In addition to being less invasive, patients also benefit from decreased postoperative pain, a shorter recovery period and the reduced chance of complications, including pneumonia.

"Within one week, Charles was up and around recovering nicely," Mrs. Scott said. "This was a great improvement from the more than six weeks it took him to recover from the first surgery."

Saving lives

Mr. Scottís aneurysm resulted from atherosclerosis, or hardening of the arteries, caused by the buildup of cholesterol and other fatty deposits in the arteries and by high blood pressure.

Since Mr. Scottís surgery, the team has performed the endovascular procedure to repair the thoracic aorta on 10 patients from throughout Texas, and will average about 12 procedures per year.

"This technique was an answer to our prayers," Mrs. Scott said. "I truly believe that Charles wouldnít be here if it hadnít been for the surgeons at the Health Science Center. Now we can enjoy more precious time together."

ER option

Patients with injuries sustained by falls or motor vehicle accidents may also require surgery to repair the thoracic aorta. The Health Science Centerís thoracic surgery team also has performed the endovascular procedure on numerous trauma victims. Guadalupe Rivera, 39, was one of those.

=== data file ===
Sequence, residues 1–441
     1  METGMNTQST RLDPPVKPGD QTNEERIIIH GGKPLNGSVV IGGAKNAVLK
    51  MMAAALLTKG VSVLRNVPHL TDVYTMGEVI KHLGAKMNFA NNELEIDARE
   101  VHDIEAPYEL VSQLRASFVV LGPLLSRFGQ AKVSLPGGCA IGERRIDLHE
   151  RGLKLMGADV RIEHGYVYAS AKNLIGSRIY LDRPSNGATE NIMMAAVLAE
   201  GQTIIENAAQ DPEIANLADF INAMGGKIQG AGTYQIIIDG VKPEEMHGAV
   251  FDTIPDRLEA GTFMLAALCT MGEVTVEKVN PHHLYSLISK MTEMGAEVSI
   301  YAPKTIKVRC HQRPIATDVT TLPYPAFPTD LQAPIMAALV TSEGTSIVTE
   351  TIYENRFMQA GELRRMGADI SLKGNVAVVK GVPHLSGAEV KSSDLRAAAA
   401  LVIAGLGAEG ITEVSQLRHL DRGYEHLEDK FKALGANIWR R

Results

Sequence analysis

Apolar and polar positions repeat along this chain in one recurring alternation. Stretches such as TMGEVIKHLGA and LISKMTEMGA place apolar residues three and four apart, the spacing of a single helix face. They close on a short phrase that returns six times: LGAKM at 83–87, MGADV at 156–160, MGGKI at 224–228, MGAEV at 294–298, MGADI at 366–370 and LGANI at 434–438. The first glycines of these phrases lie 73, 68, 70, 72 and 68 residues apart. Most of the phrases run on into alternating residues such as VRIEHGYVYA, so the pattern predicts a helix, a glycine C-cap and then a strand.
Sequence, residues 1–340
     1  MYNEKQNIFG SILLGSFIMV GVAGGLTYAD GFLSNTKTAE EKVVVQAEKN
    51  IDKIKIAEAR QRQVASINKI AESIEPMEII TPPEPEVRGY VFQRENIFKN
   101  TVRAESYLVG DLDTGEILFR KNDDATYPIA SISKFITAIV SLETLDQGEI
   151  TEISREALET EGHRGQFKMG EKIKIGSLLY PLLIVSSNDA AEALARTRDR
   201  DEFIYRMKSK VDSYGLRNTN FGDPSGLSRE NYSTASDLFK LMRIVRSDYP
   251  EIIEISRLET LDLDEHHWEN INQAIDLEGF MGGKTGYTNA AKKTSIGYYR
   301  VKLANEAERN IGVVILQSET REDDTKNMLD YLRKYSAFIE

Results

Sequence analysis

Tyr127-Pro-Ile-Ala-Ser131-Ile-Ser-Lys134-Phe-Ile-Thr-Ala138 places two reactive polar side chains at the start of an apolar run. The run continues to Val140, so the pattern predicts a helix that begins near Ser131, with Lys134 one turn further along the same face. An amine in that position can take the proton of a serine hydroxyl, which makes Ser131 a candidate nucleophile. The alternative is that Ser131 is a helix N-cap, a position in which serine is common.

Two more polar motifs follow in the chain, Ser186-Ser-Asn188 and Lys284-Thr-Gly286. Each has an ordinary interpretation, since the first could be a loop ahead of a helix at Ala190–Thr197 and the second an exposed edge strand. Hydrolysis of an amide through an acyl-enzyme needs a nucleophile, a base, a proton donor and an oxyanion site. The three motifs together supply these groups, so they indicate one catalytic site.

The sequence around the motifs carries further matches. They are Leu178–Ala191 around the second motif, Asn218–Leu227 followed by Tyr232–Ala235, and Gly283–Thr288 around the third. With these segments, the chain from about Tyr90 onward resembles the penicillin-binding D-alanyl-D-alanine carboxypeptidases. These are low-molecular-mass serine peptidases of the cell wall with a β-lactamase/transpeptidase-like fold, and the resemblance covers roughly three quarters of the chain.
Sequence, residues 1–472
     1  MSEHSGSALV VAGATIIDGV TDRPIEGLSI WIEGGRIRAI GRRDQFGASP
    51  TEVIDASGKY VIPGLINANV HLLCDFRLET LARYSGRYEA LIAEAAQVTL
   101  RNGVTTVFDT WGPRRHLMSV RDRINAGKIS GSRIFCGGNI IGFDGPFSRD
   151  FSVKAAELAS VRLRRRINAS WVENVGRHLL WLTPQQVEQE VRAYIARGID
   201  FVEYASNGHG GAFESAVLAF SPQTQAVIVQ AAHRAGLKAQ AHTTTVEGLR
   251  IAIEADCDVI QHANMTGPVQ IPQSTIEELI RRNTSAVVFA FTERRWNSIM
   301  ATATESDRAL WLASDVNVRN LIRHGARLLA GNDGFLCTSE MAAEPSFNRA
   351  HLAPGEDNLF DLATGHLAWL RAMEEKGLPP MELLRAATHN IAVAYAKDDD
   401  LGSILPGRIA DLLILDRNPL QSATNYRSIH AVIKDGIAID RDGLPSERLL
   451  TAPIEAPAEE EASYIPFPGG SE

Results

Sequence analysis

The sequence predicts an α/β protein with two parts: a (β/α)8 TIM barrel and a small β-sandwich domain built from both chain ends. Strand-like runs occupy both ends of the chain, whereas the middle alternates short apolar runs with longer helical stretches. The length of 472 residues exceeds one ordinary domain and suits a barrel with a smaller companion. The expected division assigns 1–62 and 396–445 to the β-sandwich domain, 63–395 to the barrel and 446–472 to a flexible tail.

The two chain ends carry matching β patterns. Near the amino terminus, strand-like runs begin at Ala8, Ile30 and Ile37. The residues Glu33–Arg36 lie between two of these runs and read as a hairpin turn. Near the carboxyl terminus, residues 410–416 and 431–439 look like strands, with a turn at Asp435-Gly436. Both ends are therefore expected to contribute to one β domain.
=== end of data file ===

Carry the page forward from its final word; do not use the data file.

On May 8, Rivera was working in Junction, Texas, leveling a double-wide mobile home, a task heíd done dozens of times for 15 years. Suddenly, the ground gave way and the 30-ton home came crashing down on top of him. "My co-workers thought I was a dead man," he said. When Rivera arrived at University Hospital by AirLife, he was in bad shape suffering from multiple injuries including broken ribs, collapsed lungs and a torn thoracic aorta.

"His injuries were so severe that an open procedure was out of the question," Dr. Reddy said. "But repairing the damage to his thoracic aorta was necessary for his survival. So, we used the endovascular method."

"I owe my life to Dr. Reddy and his team," Rivera said. "Iíll never know how to thank them enough."

John Myers, M.D., associate professor of trauma and emergency surgery, said that emergency surgeons at University Hospital, one of the teaching hospitals of the Health Science Center, see about 3,000 trauma patients with life-threatening injuries per year. Of those, 700 have chest injuries, and about 10 to 15 suffer aortic injuries.

"The endovascular approach to repairing aortic injuries is a significant advancement in trauma care in San Antonio," Dr. Myers said. "It is most effective when treating patients suffering from a combination of serious injuries because it allows our surgeons to help patients safely, quickly and definitively."

With the skill and experience of Health Science Center faculty members, the next generation of thoracic and vascular surgeons will be well prepared to help the many patients who suffer from aortic injury and disease every year.

For more information about the program, call (210) 567-5617 or (210) 358-4025.